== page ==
I learned a lot about Buchanan in this short volume. When past historians have chosen to assess Buchanan’s presidency and the coming of the American Civil War, they often portray him as a weak, ineffective leader who did too little to stop the onslaught of southern secession prior to Abraham Lincoln’s election to the presidency. Kenneth Stampp’s America in 1857: A Nation on the Brink, among other studies, hews to this standard interpretation. While Baker concurs that Buchanan’s response to secession was weak, she instead portrays him overall as an overwhelming figure whose domineering personality, unwillingness to compromise, and inability to take dissent seriously doomed his presidency from the start of his term in 1857. Despite proclaiming himself as the only non-sectional candidate who would promote the interests of the entire country during the 1856 presidential election (a claim that Ulysses S. Grant took seriously when he voted in his first presidential election that year), Buchanan was in fact a pro-South sectional candidate in his own right who downplayed the extent of Northern frustration with Southern proslavery demands. I was particularly struck by this passage:
Buchanan had long since chosen sides. Both physically and politically, he had only one farsighted eye, and it looked southward. Looking to the past and heralding the Democratic party’s eternal principles against the “isms” of free-soilism and anti-slaveryism, the president-elect was blind to what was happening in the North . . . despite his experience in politics, [he] read the opposition party as ephemeral as lighting bugs in August.
In his desire to end division between North and South, the president-elect moved beyond the tradition of permissible institutionalized antagonism between political organizations. The concept of loyal opposition, inherited from Great Britain, sanctioned criticism of administrations and the presentation of alternative policies. What it did not permit was the castigation of another party as disloyal and un-American, as Buchanan held the Republicans. In his years as president, Buchanan did a great deal to popularize the view that the Republicans were a threat to the South, thereby encouraging its secession from the Union when Abraham Lincoln was elected president in 1860 [p. 72].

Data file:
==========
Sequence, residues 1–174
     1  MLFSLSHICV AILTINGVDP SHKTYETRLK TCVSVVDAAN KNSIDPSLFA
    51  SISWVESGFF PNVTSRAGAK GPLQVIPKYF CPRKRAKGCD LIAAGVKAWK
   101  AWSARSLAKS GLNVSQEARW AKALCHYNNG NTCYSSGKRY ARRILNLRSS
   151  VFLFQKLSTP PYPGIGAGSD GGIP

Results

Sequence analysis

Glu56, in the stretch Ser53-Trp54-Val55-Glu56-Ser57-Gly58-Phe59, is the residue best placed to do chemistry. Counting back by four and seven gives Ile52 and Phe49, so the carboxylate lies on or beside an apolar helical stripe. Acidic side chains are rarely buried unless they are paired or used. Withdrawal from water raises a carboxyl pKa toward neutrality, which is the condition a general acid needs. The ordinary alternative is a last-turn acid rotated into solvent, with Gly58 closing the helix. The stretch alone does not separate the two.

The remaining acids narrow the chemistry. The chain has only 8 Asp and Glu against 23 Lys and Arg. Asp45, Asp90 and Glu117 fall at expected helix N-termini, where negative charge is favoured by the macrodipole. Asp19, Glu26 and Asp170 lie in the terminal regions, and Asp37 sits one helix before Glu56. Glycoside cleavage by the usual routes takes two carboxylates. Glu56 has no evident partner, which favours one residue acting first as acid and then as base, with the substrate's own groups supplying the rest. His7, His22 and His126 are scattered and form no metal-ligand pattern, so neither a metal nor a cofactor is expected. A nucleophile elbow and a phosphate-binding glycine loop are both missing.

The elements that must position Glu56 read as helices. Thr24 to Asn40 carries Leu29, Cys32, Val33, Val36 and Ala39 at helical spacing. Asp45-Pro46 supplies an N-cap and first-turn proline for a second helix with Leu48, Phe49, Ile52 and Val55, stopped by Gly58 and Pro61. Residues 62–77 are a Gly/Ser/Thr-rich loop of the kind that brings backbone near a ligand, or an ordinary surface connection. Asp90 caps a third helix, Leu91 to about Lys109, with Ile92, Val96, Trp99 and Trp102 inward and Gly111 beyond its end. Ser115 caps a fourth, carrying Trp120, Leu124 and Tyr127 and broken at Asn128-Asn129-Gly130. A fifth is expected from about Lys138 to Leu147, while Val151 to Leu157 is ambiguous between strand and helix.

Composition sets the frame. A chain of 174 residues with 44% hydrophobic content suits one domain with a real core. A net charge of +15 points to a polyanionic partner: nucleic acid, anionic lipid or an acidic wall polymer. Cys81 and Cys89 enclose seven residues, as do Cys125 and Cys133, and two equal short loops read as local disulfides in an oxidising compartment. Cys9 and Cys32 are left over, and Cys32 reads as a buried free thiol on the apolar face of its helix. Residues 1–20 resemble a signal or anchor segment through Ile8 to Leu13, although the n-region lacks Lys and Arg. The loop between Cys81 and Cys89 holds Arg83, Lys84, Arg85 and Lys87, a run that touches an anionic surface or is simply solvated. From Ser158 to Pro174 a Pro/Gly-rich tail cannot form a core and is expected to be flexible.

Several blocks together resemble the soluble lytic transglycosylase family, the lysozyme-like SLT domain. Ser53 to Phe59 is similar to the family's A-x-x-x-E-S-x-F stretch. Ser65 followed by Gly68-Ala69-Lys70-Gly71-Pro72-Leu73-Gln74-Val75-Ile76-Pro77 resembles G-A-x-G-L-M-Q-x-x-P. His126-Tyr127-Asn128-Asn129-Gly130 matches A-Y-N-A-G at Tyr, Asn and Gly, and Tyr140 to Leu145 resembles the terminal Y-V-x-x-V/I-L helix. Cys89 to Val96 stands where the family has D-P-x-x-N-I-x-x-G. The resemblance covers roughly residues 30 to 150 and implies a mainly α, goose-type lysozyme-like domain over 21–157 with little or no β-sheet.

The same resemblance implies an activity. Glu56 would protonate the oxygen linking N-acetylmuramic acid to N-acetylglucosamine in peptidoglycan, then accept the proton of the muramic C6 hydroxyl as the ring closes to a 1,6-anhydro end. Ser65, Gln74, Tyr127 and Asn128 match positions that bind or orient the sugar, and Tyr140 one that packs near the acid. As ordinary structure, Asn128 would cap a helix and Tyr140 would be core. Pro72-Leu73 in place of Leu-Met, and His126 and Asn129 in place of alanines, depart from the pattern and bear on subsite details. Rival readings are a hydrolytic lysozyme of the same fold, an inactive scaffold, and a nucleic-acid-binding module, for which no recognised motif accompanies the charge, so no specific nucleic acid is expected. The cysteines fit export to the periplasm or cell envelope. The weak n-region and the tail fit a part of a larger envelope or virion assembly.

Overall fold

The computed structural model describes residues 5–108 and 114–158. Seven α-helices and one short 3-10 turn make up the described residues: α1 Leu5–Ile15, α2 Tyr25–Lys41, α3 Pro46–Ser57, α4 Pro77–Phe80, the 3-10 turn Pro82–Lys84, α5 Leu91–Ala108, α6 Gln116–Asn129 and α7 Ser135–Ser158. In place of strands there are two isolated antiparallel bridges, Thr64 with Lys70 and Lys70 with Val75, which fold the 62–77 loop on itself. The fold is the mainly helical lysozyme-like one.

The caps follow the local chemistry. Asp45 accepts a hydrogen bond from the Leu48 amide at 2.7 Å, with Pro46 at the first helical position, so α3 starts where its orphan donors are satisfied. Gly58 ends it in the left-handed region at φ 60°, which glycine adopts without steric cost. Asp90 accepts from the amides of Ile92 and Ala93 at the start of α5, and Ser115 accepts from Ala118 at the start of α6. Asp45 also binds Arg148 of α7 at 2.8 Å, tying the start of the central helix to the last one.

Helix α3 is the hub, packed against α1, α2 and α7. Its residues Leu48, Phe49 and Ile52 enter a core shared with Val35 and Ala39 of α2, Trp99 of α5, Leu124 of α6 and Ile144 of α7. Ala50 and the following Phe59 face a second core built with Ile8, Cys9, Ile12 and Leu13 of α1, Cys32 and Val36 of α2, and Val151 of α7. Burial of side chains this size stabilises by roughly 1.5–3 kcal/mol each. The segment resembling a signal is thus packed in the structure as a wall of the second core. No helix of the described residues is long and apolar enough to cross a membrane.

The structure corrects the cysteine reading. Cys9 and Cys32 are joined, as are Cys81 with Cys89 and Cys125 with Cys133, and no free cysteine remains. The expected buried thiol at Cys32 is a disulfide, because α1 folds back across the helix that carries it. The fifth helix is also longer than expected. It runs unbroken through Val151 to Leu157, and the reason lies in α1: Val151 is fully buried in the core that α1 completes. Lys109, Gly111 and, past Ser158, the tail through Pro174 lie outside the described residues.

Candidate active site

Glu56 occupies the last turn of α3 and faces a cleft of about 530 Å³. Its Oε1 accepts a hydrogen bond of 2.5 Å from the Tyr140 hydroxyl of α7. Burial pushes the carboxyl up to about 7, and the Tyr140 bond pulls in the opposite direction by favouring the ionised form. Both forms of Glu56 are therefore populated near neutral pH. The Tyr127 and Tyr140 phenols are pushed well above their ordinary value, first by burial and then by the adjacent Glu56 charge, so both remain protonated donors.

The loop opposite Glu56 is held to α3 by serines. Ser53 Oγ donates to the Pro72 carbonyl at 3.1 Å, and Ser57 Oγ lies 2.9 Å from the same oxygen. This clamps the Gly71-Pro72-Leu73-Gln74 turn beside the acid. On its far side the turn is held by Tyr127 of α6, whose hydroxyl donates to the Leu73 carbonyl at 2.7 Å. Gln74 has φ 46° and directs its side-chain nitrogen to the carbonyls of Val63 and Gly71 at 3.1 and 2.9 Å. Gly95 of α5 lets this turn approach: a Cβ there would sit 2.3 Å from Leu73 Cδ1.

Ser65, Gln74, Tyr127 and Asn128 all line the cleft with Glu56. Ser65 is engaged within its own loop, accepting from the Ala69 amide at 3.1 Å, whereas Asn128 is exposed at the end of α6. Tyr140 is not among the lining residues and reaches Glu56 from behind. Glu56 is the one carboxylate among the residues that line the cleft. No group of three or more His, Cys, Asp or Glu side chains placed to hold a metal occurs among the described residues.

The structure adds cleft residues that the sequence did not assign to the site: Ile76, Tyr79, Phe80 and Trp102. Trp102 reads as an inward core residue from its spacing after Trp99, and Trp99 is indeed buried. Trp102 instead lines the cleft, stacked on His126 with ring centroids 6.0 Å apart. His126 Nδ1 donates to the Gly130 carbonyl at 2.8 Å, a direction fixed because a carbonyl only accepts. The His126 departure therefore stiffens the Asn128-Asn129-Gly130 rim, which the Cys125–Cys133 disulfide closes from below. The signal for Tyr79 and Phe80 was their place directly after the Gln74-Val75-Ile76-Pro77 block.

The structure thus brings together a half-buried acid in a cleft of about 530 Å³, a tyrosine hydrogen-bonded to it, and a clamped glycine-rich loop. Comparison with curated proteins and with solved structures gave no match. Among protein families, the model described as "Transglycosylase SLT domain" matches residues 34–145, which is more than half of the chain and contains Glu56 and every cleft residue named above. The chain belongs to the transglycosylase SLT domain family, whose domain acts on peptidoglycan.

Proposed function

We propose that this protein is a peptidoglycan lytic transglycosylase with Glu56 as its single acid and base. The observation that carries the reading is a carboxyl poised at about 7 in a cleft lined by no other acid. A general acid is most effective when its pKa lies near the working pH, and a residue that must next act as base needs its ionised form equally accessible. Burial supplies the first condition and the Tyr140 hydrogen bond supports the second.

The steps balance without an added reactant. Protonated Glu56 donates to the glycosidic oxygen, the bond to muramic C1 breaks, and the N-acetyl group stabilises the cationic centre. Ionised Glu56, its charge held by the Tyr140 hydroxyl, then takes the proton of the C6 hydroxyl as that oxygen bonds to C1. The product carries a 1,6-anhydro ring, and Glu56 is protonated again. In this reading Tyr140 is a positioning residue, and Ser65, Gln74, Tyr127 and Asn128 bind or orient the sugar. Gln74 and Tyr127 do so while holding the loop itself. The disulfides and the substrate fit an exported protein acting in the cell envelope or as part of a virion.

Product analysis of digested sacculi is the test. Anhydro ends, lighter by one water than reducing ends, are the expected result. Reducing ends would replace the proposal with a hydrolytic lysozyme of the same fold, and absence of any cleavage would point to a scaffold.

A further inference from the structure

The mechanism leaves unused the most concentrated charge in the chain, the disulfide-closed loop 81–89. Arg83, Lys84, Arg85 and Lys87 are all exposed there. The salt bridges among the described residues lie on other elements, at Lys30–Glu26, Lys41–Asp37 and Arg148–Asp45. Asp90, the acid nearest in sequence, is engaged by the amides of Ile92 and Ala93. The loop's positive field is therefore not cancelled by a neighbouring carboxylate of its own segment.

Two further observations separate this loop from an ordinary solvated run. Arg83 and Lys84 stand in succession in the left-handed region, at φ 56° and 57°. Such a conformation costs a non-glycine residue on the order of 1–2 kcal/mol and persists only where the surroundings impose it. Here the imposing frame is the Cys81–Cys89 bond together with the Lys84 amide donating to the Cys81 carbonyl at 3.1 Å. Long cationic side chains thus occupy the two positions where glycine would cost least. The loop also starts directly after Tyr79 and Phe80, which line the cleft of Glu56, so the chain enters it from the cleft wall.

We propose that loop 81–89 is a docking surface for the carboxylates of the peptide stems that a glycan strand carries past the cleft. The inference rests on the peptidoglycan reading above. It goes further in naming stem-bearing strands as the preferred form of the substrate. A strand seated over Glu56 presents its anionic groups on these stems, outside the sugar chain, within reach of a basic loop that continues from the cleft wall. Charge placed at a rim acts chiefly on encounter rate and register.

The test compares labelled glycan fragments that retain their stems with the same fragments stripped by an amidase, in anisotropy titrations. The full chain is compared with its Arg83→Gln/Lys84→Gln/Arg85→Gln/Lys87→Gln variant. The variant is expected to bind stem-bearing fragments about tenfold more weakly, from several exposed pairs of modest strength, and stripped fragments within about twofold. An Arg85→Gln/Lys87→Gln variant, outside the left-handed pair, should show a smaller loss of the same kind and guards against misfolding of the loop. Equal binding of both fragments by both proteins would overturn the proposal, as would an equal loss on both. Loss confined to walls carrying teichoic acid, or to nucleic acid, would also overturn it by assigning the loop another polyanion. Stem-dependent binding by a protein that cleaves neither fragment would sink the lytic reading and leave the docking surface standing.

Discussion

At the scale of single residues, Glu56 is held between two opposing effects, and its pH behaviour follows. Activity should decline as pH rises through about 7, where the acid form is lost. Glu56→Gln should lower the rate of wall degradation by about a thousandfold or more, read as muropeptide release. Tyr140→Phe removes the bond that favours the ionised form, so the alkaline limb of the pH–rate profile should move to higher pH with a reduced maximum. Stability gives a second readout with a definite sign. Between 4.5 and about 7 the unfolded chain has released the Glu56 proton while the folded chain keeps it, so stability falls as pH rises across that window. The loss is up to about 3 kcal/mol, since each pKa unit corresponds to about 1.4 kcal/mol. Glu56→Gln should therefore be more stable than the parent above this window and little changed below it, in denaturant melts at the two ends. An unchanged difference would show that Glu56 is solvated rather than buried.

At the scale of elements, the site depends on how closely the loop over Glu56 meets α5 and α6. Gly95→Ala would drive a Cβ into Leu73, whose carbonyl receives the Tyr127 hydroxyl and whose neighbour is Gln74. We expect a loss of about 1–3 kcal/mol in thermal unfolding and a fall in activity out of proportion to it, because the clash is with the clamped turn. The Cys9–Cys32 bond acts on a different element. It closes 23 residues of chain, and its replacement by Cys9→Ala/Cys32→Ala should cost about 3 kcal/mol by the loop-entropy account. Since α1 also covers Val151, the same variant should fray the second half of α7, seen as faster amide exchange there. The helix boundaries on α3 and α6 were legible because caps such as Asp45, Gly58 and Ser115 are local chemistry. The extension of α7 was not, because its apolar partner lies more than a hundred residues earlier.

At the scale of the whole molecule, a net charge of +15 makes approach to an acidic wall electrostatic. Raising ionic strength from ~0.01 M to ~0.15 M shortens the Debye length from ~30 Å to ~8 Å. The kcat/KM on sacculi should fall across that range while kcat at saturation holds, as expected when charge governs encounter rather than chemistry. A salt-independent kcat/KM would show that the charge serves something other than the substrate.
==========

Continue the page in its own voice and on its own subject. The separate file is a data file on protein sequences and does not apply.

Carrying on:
Perhaps there is something for us to learn in Buchanan’s failure as a president. He was arguably one of the most qualified candidates based on his experience as a politician and diplomat for nearly forty years before his election in 1856, but his lack of leadership, vision, communication skills, or a sense of changing political circumstances in the 1850s doomed his tenure. As more white Northerners desired restrictions for slavery’s westward expansion into new territories, Buchanan came to view such a position as dangerous and an abridgement of constitutional rights. That most Northerners had no intention to touch slavery where it existed and held strong racial prejudices against blacks made no difference to him. Buchanan couldn’t handle differing interpretations of the constitution or dissent from his ideology, which in his mind meant that his enemies were not fellow Americans with a difference of opinion who were still worthy of respect, but traitors whose views had to be obliterated at all costs. The president’s rhetoric damaged any future compromise over slavery since any such agreement would be considered a threat to Southern honor.